Has anyone had superior capsule reconstruction?

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Hi all!

Long time lurker, first time poster. I've had just about everything in my arms done at the point; right shoulder decompression (2006), bilateral carpal tunnel and ulnar nerve release (2016), and most recently left shoulder decompression, calcium removal, and rotator cuff repair (Jan 2019). 6 weeks after this last surgery the RC repair failed. Now I'm scheduled for superior capsule reconstruction in 2 weeks. For those who don't know that is where they go back in and do another full repair, then place a donor skin graft over the repair that will eventually fuse with the tendons to give the repair an added layer of protection and better chance at healing.

Everything I've read online says nothing but good things about this procedure. I'm just curious if anyone has experienced it personally. The recovery for my last repair was so easy. I had some improvement in pain almost immediately. ROM seemed to be getting better very quickly as well. But that was actually to my detriment. I was out of my sling too soon, and using that joint too much. That's how I ended up tearing the repair. All it took was the tiniest movement, then "POP!" excruciating pain and my shoulder was worse than it had been before surgery.

I have a lot of cervical issues, as well as chronic migraines. So the sling is not a friend of mine. My neck can't support the entire weight of my arm for long before I start getting spasms and severe pain in my neck and/or head. But I realize I HAVE to keep my shoulder immobile for 6 week, at the very least, if I want things to work this time around. So any tips on how to deal with sling pain is greatly appreciated as well. I've already ordered a sheepskin sleeve for the strap on my sling. But I think the only real answer to avoiding neck pain and migraines is to avoid letting that arm hang too long each day.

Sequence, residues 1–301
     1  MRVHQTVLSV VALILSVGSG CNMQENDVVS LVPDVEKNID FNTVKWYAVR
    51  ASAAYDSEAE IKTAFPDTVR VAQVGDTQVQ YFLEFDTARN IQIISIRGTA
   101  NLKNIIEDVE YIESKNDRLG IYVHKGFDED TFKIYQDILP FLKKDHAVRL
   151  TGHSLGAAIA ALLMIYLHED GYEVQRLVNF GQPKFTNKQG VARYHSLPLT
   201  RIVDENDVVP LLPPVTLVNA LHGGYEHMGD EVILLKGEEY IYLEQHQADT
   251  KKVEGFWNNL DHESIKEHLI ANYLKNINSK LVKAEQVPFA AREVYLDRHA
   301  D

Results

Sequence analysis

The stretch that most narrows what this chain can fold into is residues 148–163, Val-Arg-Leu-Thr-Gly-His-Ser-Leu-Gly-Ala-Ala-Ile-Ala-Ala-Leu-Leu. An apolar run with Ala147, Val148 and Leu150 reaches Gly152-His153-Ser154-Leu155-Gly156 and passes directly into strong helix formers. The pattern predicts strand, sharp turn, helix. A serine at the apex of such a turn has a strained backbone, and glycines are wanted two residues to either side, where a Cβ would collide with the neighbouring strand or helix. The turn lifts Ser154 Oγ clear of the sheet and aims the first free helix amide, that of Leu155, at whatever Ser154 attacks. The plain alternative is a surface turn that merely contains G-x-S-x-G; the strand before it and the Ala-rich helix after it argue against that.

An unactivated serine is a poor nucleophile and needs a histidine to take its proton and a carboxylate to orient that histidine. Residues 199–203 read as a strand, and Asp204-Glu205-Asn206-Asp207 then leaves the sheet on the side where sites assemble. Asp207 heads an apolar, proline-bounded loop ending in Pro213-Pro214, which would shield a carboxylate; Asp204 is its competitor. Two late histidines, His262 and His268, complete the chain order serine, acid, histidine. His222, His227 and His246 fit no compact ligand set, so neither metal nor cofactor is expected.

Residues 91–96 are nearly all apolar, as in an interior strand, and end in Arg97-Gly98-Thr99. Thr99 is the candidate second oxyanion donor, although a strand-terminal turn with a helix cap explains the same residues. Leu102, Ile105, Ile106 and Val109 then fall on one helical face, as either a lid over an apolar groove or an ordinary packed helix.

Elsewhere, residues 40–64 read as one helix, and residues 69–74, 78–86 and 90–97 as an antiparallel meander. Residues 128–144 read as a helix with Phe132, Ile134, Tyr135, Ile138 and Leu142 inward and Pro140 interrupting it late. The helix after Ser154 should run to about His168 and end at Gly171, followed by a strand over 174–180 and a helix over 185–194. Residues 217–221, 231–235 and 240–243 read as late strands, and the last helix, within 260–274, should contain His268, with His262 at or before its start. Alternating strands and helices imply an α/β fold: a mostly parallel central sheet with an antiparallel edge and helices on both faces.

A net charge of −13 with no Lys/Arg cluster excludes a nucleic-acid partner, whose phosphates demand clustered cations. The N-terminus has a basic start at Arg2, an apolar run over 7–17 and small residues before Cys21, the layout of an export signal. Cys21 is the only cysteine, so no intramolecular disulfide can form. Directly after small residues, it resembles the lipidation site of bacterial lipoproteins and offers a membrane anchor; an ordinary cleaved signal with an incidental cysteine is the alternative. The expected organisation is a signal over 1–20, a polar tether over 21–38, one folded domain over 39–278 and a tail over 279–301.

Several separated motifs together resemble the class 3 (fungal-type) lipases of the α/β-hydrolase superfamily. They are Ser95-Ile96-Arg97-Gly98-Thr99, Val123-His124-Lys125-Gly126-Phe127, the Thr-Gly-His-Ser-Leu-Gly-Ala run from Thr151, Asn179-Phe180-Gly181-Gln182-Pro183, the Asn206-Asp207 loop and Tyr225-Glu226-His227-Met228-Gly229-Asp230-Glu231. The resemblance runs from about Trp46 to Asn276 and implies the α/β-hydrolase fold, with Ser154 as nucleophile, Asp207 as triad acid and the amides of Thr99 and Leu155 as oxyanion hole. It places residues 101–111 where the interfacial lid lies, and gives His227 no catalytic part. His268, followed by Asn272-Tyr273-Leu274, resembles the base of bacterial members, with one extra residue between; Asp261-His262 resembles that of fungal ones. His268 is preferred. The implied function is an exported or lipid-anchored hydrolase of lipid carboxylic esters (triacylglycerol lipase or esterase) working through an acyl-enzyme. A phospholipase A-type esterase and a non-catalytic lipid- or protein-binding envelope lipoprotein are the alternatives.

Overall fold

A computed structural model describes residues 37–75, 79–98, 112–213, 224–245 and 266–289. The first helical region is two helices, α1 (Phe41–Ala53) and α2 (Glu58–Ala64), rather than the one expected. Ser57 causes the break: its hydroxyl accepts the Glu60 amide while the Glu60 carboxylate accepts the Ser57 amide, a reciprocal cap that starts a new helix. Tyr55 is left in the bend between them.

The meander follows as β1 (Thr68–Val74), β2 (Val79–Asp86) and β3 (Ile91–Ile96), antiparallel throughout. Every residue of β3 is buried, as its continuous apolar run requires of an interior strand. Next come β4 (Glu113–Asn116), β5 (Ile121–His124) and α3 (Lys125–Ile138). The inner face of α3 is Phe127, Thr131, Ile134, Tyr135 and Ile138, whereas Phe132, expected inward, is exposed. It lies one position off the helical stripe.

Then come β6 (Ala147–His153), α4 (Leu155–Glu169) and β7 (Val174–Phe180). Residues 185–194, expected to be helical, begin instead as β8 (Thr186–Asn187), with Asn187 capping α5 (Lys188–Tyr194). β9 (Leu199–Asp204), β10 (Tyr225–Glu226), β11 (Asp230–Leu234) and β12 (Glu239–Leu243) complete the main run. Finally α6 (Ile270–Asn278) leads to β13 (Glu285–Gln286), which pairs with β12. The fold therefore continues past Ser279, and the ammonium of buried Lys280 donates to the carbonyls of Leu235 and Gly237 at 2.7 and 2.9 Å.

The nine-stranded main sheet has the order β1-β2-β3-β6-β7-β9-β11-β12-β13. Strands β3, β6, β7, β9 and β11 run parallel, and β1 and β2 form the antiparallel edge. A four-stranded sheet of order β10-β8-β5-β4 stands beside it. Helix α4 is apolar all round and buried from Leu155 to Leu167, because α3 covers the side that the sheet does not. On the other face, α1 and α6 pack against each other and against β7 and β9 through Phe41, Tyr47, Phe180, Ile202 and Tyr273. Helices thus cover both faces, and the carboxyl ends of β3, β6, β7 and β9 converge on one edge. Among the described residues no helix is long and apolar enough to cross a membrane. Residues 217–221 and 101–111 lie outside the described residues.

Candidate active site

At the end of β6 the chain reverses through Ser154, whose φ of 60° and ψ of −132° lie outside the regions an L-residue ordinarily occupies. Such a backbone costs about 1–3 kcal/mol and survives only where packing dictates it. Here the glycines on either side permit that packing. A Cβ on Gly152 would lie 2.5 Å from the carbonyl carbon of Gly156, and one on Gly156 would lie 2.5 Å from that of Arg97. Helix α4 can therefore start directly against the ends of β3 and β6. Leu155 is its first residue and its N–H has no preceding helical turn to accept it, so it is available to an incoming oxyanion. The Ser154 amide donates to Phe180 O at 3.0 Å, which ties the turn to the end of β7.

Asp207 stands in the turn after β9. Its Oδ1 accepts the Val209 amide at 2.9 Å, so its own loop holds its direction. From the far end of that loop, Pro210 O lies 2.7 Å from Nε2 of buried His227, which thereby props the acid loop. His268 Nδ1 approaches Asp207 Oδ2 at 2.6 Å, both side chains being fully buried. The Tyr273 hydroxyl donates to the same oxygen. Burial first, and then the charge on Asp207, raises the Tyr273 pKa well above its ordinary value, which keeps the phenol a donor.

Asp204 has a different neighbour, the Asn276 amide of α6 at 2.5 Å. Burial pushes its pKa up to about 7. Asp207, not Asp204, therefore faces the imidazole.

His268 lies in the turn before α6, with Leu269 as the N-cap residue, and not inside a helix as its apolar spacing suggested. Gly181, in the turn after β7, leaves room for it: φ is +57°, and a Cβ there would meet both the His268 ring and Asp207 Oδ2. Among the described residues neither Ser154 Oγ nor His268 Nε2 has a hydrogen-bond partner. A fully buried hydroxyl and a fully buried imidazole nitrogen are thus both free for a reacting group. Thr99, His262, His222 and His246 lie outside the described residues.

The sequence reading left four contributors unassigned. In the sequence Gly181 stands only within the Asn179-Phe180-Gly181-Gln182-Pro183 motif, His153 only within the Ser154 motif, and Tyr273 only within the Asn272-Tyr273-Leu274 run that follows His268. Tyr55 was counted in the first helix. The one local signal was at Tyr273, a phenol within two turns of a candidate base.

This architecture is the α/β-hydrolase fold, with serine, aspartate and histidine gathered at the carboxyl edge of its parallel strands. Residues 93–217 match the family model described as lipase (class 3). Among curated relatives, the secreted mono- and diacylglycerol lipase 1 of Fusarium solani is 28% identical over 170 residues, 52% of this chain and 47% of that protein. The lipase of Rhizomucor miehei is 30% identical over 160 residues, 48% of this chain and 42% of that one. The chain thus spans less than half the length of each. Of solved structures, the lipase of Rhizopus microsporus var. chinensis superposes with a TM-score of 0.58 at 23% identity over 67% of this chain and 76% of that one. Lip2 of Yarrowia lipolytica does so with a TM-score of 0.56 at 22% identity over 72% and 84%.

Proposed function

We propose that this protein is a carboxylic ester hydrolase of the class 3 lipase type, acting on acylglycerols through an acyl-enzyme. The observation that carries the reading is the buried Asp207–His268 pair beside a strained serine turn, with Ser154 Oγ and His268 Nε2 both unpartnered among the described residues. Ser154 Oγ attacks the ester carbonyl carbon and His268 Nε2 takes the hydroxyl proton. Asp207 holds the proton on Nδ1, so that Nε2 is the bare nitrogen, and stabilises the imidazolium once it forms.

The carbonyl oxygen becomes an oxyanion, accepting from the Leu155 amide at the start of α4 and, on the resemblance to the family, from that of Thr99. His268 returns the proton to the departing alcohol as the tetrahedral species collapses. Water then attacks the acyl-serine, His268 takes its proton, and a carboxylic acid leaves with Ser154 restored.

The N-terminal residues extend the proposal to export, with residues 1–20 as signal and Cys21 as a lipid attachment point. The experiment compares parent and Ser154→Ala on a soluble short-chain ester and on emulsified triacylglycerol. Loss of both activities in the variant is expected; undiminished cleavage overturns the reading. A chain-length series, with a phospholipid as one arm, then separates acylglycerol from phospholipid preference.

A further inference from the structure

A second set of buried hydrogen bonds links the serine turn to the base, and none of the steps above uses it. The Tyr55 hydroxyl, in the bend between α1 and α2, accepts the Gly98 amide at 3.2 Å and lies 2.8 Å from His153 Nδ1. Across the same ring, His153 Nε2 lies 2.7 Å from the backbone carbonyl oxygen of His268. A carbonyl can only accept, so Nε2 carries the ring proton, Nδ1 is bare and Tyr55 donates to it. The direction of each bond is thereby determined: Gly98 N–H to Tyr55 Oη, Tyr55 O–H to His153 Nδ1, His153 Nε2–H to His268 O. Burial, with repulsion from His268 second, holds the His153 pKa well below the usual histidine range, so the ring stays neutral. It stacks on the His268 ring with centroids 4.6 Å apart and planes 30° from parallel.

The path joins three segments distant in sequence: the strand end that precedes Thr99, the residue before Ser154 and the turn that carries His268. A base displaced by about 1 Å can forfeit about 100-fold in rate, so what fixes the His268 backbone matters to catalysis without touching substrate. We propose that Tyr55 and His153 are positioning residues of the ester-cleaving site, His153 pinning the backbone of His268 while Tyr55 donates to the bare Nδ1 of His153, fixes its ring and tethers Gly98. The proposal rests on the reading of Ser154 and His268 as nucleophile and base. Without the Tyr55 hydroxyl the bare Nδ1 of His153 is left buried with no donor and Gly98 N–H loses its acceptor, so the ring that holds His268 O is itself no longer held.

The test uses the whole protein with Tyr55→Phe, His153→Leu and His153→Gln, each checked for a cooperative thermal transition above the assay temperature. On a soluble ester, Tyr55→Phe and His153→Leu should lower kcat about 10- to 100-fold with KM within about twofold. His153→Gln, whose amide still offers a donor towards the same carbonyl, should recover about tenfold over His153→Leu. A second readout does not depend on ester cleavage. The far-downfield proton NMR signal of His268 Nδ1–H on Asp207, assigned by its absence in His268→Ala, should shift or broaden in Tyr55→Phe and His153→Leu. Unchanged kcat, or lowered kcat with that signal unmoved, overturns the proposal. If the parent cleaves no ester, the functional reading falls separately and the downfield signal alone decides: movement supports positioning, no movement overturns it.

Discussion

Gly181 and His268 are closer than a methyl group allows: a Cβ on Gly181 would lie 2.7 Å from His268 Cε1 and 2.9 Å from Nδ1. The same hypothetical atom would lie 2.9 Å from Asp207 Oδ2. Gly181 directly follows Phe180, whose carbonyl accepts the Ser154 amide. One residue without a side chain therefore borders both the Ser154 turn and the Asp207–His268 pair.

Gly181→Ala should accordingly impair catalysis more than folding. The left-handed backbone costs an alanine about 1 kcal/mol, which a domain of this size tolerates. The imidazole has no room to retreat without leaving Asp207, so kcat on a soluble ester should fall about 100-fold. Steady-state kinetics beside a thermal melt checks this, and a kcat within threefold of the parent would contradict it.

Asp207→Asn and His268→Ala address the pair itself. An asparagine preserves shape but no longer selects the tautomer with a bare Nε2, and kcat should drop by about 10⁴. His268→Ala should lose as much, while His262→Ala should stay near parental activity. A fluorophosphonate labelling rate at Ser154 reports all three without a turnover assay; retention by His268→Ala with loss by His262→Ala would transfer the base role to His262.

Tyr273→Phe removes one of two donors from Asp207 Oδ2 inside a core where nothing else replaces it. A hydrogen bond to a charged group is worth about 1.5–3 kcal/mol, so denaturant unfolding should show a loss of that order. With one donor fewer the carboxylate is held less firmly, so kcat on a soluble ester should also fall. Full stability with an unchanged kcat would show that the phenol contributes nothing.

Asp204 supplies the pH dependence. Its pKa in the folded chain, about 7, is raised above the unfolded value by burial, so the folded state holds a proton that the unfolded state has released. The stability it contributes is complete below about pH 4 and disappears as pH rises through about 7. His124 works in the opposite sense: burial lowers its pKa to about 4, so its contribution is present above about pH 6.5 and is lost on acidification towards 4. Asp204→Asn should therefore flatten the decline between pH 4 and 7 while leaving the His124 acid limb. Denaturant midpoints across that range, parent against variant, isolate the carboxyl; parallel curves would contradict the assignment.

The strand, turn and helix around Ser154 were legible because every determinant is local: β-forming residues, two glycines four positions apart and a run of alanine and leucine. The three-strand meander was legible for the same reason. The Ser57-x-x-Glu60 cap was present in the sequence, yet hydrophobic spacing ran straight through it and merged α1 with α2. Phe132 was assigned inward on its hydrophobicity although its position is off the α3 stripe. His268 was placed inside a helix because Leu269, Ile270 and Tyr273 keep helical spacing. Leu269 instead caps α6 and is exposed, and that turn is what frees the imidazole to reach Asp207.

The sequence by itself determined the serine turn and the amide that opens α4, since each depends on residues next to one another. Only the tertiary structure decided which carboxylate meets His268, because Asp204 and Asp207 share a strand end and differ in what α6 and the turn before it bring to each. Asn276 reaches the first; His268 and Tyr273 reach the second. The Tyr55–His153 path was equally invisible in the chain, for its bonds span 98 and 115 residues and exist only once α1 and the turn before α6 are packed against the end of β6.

If you got this far, thanks for reading. And again, any stories, tips, or suggestions are welcomed!!

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  • Posted

    Hello

    well it was interesting to read about the RC tear

    I go in to have this op in MAY and I am worried about keeping the arm still and comfortable for 8 weeks

    i dont know why the arm is not put into a cast for the entire time of recovery

    as I have already had 8 ops on both shoulders its not the pain I am worried about it about preserving the graft

    Can you tell me if you live in the UK or not as I have been told that the chance of success from this op is low

    also you talk about the graft is there a reason it was not taken from you I have to contact my insurance as they will not cover me if its a human donation only if its man made or my own will need to check that out prior

    on my last MRI scan not only did it show the tear but also 2 cysts so hoping he will deal with those as well

    while having physio for my shoulders my lower disc has compressed onto a nerve in my leg I have had a decompression on my lower back so carrying the arm in a sling for me is not going to be that comfortable not looking forward to it at all

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    • Posted

      My graft was from a cadaver. It was about $30,000 just for that. Thank goodness my insurance paid for it.

      Also the reason they don't put your arm in a cast is your shoulder could never handle that weight. The worst part of the surgery is that stupid sling. There are days i thought I would never get through it.